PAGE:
Let’s start at the bottom with your values. You could have as many or as few as you like (in general people typically end up with up to 10 values). To get to your values fast, make sure you ask yourself, ‘what makes you angry or upset or annoyed?’ as quite often the answer is related to your values. For instance, if you find yourself getting emotional and angry when you see people arguing or fighting, that may relate to the value of harmony or peace. If you feel upset when you see injustice, it might be a value of fairness. Try to ask friends and family what they think you stand for or feel strongly about too as that may bring up some new ideas.
3. The difference you make
Your unique selling points or the features of a product might be a good analogy here. Now here is often where people start to differentiate between things they are known for but don’t enjoy doing and the things that they would love to get to do more of the time. So I would include things here that others know and value you for but also things that you looooove to do and you would like to do more of. All the things you love to contribute at work and in life with friends, family, clients and work colleagues. So your unique selling points could look like this: optimism, energy, sharing, evidence, insight, a balanced view and an unshakable belief in.
4. Your legacy
This is what difference all those great qualities you’ve just described are going to make in the world – why anyone should employ you or work with you. The impact you have, the legacy you will leave! It’s similar to the idea of the benefits of a product or service and the promise that is made by the company offering it. So here you’re going to get into wordsmithing – try and get down to as few words as possible, a sentence or two max. Think here along the lines of how you would like to be introduced to a group of people at work, or perhaps at a conference, or to a new team. 10 words or less would be amazing.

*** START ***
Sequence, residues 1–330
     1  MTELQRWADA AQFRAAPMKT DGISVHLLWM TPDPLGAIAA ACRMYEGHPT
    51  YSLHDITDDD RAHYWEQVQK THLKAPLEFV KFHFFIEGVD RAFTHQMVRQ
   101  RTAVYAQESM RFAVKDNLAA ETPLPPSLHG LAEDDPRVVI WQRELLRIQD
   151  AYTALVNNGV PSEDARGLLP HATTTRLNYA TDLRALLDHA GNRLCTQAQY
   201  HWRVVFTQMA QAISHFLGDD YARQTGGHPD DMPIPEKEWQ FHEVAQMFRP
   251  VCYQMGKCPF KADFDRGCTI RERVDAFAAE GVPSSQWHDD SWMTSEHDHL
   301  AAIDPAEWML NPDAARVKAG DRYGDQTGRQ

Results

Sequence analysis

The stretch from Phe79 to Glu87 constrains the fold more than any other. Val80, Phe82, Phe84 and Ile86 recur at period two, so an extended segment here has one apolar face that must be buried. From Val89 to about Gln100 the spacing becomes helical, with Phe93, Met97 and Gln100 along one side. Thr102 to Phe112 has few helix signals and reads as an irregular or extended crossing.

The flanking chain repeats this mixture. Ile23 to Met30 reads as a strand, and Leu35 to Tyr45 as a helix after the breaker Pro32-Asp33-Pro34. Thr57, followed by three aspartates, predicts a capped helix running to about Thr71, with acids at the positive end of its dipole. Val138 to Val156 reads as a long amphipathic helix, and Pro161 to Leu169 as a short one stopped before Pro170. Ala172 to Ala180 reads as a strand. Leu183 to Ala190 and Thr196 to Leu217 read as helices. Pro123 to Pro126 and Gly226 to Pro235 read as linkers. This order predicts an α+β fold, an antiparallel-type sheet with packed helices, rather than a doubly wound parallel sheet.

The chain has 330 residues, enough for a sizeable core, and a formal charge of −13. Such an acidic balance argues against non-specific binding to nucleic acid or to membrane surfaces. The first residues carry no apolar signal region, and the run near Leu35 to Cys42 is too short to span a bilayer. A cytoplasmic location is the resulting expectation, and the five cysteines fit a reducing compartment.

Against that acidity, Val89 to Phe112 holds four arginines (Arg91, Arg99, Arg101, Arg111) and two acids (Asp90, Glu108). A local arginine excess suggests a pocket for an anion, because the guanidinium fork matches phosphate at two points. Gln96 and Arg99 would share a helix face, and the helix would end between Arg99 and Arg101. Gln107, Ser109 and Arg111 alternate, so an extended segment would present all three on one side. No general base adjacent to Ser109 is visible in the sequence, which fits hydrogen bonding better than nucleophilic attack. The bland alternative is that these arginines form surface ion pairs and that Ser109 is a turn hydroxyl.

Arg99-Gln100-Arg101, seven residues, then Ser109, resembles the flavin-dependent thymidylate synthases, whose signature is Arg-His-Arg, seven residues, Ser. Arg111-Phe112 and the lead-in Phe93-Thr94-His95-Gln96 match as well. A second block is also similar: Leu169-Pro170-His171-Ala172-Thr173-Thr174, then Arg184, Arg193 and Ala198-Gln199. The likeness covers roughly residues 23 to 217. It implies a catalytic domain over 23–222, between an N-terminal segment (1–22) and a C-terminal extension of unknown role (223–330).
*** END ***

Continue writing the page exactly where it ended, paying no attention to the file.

I would take as long as you need to do this, get the help of friends and family and work colleagues to give you insight and ideas. Don’t worry if it doesn’t come easy – it rarely does but is worth it when you’re there. Also bear in mind that the whole thing is dynamic and changes over time, often quite a bit. It can change in direction, you might just feel you need to go through the process again because something has shifted for you or you might just add a word here and there if needed.
So are you now thinking about what to do with your brand? Watch out for our next podcast where we share with you how you can communicate your personal brand and create an action plan for this!
At times, we have to think, act and make decisions at pace. However, being hasty could potentially lead to unforeseen circumstances impacting ourselves, others and the organisation. Therefore, it should come as no surprise that being able to slow down when making decisions can have great benefits – not only are we able to involve others and consider different viewpoints, it allows us to make better and more informed decisions.
So would you like to make a habit of slowing down? Here are our top tips on how to do it:
1. Give yourself a chance
Science shows us that multitasking is impossible. We are never parallel processing, we’re just doing things one after another really quickly, while our neural impulses are rapidly darting across the brain from left to right hemispheres. So if your world is telling you that you need to multitask, remember to take a moment to relax, slow down and give yourself a chance to think and respond – not just panic and react. This is particularly important when working in high intensity environments, experiencing a lot of stimuli all at once. So if you can learn how to pull back, separate yourself from the intensity of a situation and slow things right down, you give yourself a lot more in the way of choices.